Competition to find Great British Railways headquarters

Tinsley Marshalling Yard from the control tower, 6/8/74.

Freight heritage could be a deciding factor in the location of Great British Railways headquarters. The UK government has launched a public competition to find a community to host the new overarching management agency. There are already bid considerations from locations with a strong railway background, particularly in the freight sector. The intention is that the new agency will take over much of the oversight of the UK network at some point in 2023.

Announced just a few days after the launch of the ‘levelling up agenda’, there are high hopes that the government competition to find a headquarters location for Great British Railways will favour a north of England community. There is speculation already that the combination of rail freight heritage and economic recovery will make a compelling case. Although lampooned as ‘government by reality TV’, the field of contenders is expected to come from all over the country, and the list of entrants will be a lengthy one, before the closing date just one month from now.

Shortlist by May

Launched with a filmed presentation that is unlikely to feature in the next BAFTA awards, UK transport secretary Grant Shapps is joined by politician turned TV star Michael Portillo to announce the competition. “Our railways have kept this country moving for almost 200 years”, said Shapps. “It’s time to kickstart a new age that will shape our network for the next 200. I’m calling on people across the country to make the case for why the true home of the railways is on your doorstep.”

Locations across the country with strong historical links to the railway are encouraged to make the case for why they should be the new home of GBR, says the Department for Transport. That opens the door for communities once crucial to the development of the railway to stake their claim. The competition plan is for the GBR transition team to shortlist the best applications in May, after which a public vote will help determine the winning location.

Railway land could be site of any building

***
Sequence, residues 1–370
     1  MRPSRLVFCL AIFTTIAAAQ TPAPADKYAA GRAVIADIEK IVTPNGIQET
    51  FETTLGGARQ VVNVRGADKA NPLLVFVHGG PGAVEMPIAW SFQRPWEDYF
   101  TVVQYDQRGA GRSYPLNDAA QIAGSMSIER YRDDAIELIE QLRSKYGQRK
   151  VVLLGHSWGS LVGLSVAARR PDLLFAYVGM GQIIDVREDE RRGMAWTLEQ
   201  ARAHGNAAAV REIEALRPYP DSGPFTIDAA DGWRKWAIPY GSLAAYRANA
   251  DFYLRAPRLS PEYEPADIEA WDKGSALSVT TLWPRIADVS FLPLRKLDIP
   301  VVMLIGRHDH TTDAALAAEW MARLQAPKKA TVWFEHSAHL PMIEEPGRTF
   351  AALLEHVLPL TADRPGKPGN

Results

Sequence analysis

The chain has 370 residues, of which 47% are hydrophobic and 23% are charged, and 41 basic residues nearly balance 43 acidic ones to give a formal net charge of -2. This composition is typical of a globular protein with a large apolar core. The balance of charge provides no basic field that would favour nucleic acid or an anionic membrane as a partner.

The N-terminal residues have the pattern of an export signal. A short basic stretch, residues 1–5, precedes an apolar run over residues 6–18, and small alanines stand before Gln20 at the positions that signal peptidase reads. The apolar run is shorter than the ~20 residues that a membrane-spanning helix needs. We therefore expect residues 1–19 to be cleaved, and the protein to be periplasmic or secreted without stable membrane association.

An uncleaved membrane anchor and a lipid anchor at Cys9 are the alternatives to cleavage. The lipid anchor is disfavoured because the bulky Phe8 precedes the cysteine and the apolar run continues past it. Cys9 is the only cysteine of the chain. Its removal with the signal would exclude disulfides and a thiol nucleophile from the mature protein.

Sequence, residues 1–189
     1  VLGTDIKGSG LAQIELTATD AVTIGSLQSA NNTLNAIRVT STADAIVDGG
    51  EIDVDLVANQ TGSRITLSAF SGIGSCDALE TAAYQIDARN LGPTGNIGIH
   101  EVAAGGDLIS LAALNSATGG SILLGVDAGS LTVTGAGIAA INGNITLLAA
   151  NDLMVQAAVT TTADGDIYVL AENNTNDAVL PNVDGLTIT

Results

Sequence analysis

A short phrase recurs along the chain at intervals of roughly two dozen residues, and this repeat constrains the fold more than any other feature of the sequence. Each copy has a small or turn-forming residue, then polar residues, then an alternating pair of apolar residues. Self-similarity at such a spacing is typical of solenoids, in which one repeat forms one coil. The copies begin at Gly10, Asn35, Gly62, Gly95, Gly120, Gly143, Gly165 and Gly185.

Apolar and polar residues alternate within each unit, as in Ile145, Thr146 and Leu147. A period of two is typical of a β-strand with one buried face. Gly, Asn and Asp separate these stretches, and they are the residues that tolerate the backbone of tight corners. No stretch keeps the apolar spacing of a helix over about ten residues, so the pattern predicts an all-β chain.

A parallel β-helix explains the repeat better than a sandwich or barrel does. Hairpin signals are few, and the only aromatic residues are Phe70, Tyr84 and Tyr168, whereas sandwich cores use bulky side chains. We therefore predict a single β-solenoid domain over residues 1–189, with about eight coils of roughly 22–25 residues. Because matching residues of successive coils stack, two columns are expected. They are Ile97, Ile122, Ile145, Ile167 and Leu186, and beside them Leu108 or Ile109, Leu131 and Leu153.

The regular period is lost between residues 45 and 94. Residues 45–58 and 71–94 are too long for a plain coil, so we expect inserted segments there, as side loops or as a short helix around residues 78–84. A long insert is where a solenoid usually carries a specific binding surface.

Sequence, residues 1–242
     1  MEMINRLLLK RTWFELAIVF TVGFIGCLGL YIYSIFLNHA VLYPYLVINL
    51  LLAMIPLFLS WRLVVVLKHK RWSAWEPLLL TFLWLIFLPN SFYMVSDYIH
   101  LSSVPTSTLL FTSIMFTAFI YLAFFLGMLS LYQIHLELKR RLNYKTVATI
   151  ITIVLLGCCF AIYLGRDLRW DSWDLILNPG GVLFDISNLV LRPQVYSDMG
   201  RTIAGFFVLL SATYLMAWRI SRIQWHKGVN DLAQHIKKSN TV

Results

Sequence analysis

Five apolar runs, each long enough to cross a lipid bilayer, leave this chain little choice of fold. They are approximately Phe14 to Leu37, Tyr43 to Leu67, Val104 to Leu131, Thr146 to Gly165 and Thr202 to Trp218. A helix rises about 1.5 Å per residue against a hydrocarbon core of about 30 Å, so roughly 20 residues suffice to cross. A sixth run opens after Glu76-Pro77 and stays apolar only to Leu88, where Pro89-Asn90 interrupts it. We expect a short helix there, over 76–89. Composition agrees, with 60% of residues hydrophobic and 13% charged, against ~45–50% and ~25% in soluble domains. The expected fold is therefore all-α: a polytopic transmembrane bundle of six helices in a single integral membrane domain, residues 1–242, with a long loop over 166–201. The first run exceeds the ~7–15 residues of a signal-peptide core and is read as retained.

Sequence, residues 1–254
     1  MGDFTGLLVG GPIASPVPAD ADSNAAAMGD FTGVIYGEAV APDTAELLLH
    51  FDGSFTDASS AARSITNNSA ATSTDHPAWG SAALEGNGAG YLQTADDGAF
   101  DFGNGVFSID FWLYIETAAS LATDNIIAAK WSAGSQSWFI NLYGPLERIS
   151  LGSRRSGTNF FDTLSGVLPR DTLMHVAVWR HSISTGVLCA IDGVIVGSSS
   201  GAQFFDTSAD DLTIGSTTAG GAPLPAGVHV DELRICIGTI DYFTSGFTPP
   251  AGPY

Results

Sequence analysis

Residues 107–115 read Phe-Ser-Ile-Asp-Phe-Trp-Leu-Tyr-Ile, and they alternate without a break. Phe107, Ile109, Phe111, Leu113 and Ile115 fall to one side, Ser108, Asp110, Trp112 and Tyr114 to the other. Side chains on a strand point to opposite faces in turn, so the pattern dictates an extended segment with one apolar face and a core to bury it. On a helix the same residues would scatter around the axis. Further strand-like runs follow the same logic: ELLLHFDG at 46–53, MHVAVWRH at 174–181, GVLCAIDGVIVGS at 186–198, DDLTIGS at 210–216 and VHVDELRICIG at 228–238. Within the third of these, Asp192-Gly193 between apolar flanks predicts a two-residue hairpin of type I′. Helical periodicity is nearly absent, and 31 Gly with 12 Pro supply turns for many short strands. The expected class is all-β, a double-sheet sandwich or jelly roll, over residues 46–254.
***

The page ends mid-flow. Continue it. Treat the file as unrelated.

Although not officially connected to the UK government Levelling Up agenda to economically invigorate the north of England, there are strong contenders in the region, with demonstrable links to the rail freight sector. Among them are communities on the East Coast Main Line, which are familiar to the sector. Notable among them might be Doncaster, where the vast engineering facilities and locomotive works lie largely intact, but somewhat underused compared with their mid-1930s heyday. A number of rail freight operators have operational bases established in the town. There is also nearby Darlington, where the original engineering site has been significantly redeveloped.

Bids are anticipated from communities to the west as well. Derby, with a blossoming railway technology and manufacturing sector is expected to bid. Also, the city of Sheffield will be a contender. The South Yorkshire city was recently named as one of a handful of economically disadvantaged communities set to benefit from the first tranche of ‘Levelling Up’ funding. If the city was a successful bidder, the largely abandoned Tinsley Marshalling Yard could be a site for any headquarters building.

No repeat of naming controversy

Elsewhere, places synonymous with railway development are anticipated among the bidders. Crewe, which was a tiny agricultural hamlet before a railway works was established there, is well placed. The community will be the junction of the West Coast Main Line and the HS2 project, putting it in even easier reach of London. There is also Swindon, between London and Bristol, which shares a similar development history, having grown on the back of the vast integrated Great Western Railway works established in the nineteenth-century.

The commitment to establish Great British Railways was made in May 2021 as part of the Williams-Shapps Plan for Rail, which outlined sweeping reforms. Towns and cities outside of London will be encouraged to demonstrate a rich railway heritage, strong links to the national network and public support for the selected location.

The outcome of any public vote will not be binding on the Department for Transport – so there is no danger of the new headquarters becoming Trainy McTrainface House. Also, while there is a commitment for the headquarters to be outside London, it is of note that the promotional video was shot at Marylebone – which just happens to be adjacent to the London location of the original British Railways headquarters. The entry deadline is 16 March.

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Author: Simon Walton

Simon Walton is RailFreight's UK correspondent.

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